Sun open sources doohickeys
Tiny, sensor-driven devices exposed
A brainchild of Sun Microsystems' research wing, the Small Programmable Object Technology (Sun SPOT) platform code is now open to Java developers at large.
Sun SPOTs are palm-sized battery powered devices that can wirelessly relay data about movement, temperature and sound. They run on a virtual machine written almost entirely in Java called Squawk, and crank Java apps directly on the CPU without an underlying operating system.
The open source SPOTs release covers the devices' hardware, software and the virtual machine under a GPL V2 license. The tools available also include eBones, a hardware development toolkit for making custom gear for the devices. Sun has made a SPOT software emulator to test out programming sans the actual device as well.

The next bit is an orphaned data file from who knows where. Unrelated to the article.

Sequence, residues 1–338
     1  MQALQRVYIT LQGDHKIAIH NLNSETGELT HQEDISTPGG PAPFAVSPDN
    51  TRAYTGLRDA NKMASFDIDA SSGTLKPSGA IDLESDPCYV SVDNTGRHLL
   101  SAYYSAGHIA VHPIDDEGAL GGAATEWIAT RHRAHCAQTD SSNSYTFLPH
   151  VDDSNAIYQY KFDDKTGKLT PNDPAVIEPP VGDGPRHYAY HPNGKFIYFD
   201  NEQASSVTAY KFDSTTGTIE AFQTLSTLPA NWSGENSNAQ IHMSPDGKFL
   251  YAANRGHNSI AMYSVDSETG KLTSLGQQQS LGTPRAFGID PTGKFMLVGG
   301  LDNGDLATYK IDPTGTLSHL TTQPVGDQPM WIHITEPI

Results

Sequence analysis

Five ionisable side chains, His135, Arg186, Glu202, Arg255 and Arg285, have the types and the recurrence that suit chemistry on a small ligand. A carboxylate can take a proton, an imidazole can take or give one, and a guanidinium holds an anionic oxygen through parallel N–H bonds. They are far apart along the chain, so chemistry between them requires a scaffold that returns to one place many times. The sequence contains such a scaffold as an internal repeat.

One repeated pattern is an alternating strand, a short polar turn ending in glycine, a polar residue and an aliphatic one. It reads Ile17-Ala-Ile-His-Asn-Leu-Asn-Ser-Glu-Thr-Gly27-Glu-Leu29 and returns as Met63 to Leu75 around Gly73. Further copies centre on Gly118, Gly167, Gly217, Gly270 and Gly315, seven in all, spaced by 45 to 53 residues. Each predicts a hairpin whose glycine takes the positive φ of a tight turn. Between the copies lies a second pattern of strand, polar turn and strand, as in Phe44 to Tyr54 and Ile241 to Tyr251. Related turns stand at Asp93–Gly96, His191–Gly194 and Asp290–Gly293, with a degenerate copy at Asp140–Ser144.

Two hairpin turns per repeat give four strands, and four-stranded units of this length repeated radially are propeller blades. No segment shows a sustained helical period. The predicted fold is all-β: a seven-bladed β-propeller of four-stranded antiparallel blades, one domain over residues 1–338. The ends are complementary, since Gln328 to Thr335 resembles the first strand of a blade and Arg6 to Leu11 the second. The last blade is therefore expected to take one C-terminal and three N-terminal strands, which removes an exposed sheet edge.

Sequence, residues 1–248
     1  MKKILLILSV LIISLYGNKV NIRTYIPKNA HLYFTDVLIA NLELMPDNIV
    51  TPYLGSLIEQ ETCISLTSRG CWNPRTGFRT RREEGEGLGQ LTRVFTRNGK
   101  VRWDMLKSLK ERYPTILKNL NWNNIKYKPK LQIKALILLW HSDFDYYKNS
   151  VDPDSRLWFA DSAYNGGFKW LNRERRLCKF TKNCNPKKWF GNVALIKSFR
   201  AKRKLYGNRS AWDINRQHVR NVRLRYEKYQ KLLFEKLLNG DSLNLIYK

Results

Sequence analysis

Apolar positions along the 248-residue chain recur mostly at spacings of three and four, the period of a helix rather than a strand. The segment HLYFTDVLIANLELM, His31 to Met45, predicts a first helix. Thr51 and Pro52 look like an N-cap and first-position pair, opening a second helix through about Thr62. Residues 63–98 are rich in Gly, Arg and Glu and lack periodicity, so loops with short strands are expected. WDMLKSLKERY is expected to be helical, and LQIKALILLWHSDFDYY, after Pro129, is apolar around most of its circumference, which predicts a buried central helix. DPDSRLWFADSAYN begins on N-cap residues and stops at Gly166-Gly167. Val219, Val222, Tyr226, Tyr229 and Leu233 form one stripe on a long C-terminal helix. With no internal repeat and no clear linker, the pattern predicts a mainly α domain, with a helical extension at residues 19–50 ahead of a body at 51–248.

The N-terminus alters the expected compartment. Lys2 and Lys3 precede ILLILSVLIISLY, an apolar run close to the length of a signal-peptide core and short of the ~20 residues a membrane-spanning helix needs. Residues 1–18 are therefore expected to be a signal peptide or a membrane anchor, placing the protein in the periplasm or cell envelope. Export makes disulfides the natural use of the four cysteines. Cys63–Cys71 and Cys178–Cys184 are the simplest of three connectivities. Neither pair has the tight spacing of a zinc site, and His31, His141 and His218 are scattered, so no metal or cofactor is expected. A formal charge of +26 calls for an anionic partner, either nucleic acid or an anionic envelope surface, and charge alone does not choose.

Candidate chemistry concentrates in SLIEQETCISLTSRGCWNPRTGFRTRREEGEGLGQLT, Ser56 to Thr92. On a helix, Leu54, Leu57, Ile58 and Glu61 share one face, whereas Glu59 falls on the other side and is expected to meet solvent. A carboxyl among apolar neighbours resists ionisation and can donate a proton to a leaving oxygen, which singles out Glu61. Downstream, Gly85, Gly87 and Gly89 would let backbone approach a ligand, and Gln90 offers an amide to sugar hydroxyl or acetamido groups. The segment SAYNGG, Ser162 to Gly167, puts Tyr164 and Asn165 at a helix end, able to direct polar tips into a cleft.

The code and more info can be found here.
Each SPOT includes a 3D accelerometer, temperature and light sensors, eight tri-color LEDs, eight general purpose I/O ports, and six analog inputs. Inside is a processor board with a 32-bit ARM9 CPU, 512KB RAM, 4MB Flash memory, 2.4GHz radio and USB interface.
SPOTs are built to be integrated into robotics and various gadgets of the customer's own design. They can also simply act as sensors which are able communicate with one another. And what the heck — SPOTs can also provide a very expensive hand-held LED light show.
Very neat, but impractical unless you have a deeper intention in mind and can swing your way around Java. In the past, Sun has pitched the devices for corporate, personal and educational consumption, although it seems the company is now narrowing its focus to the latter.
To wit, Sun is announcing discounted educational pricing for the Sun SPOT development kit. It's also expanded the software availability to more than 35 more countries. (The list is here.)
A regular box of SPOTs runs a person about $550. The package includes three units (two stand-alone devices and one base station) and software. The new educational pricing is about $300 for the package. ®
Sponsored: Today’s most dangerous security threats